with the exception of the NFL playoffs, extend through a single calendar year. The NHL and NBA
                                      seasons begin inthe fall of one year and end during the late spring of the following year.


                                      As shown in table 2, average team payrolls for the three leagues for which
                                      information was available also increased during the same period. The
                                      increases ranged from 19 percent for NFL teams to 47 percent for NBA
                                      teams. We were not able to obtain team payroll information from the NHL.




                                      Page 18                     GAO/RCED-99-136 Sports Programming Costs and Cable TV Rates
                                    B-280705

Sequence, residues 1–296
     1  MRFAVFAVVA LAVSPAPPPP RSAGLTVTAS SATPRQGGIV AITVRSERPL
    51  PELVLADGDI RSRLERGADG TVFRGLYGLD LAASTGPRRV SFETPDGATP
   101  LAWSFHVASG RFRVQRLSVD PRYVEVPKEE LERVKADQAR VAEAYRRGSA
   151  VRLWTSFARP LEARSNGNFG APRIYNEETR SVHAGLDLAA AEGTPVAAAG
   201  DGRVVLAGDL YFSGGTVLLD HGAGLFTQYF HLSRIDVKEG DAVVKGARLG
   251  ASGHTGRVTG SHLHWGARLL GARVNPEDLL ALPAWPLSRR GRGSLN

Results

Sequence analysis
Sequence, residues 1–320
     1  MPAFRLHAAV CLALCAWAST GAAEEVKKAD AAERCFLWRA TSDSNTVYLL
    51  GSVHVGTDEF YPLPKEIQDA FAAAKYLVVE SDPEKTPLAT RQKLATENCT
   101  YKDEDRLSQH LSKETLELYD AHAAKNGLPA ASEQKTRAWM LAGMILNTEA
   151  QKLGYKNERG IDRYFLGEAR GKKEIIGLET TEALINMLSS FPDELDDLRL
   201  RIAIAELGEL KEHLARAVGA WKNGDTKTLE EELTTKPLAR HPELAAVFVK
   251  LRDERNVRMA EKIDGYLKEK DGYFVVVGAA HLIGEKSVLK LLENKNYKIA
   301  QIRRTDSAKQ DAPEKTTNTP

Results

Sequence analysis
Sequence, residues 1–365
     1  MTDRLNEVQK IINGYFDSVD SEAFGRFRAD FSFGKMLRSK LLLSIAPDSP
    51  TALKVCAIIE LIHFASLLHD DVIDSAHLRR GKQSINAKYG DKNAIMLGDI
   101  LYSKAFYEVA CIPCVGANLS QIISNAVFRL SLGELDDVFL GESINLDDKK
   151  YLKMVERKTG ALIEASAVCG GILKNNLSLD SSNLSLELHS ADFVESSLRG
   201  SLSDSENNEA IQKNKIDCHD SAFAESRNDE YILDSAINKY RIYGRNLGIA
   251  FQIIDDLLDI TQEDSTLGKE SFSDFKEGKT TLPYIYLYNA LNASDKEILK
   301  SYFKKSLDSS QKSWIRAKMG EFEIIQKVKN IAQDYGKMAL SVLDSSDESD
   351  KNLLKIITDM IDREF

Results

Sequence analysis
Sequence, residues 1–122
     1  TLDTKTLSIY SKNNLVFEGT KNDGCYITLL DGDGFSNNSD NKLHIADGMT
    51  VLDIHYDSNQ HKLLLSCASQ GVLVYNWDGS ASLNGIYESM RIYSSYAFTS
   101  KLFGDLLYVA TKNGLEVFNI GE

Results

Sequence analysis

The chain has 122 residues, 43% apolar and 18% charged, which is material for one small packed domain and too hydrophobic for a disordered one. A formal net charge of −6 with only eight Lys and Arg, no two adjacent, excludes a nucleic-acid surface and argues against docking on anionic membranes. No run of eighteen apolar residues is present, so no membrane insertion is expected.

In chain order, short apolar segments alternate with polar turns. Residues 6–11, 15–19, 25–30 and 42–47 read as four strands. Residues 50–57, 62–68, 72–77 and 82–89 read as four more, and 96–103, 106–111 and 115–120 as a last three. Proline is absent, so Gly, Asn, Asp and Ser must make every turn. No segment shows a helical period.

Table 2: Average Team Payrolls of
Major Professional Sports Leagues                                              National                 Major                 National
                                                                               Football                League               Basketball
                                    Season                                     League"              Baseballa b            Association
                                    1994-95                                $34.1 million        $31.377 million            $22.7 million
                                    1997-98                                $40.7 million        $38.775 million            $33.3 million
                                    Percentage increase                               19%                    24%                      47%
                                    Note: Average team payrolls are in nominal dollars. Payroll figures for the NFL include salaries,
                                    bonuses, and some standard league benefits. Figures for MLB and the NBA include salaries and
                                    bonuses only.
                                    aThe average payrolls shown for the NFL and MLB are for the 1994 and 1997 seasons, which,